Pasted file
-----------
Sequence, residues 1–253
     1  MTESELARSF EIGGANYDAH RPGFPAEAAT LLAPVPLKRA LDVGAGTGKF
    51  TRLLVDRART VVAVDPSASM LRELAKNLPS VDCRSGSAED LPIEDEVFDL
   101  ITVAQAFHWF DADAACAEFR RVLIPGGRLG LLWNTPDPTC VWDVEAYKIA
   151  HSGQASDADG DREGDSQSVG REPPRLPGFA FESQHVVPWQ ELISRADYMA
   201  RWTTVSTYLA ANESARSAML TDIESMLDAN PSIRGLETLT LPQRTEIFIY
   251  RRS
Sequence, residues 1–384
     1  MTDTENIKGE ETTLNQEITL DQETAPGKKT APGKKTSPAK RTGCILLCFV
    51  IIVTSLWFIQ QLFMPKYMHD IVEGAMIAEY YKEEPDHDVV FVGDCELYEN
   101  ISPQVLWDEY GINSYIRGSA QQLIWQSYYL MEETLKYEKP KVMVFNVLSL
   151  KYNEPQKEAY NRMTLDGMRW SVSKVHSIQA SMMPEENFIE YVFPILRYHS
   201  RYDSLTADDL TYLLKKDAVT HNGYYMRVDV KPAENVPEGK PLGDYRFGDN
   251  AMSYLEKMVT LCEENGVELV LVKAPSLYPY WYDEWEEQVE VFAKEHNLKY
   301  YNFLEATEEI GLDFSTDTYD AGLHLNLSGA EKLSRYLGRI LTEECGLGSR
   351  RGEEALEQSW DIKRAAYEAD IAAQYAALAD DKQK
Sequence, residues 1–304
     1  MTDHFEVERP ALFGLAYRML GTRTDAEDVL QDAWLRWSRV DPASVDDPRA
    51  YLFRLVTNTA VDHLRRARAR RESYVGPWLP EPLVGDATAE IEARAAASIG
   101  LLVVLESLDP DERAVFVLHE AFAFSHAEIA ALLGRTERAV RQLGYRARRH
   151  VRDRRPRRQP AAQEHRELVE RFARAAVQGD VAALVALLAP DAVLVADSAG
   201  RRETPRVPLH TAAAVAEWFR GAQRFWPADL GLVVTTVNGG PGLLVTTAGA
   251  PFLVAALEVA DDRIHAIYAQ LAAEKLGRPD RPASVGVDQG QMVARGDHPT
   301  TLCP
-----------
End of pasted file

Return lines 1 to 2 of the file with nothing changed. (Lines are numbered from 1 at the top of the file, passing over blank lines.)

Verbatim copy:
Sequence, residues 1–253
     1  MTESELARSF EIGGANYDAH RPGFPAEAAT LLAPVPLKRA LDVGAGTGKF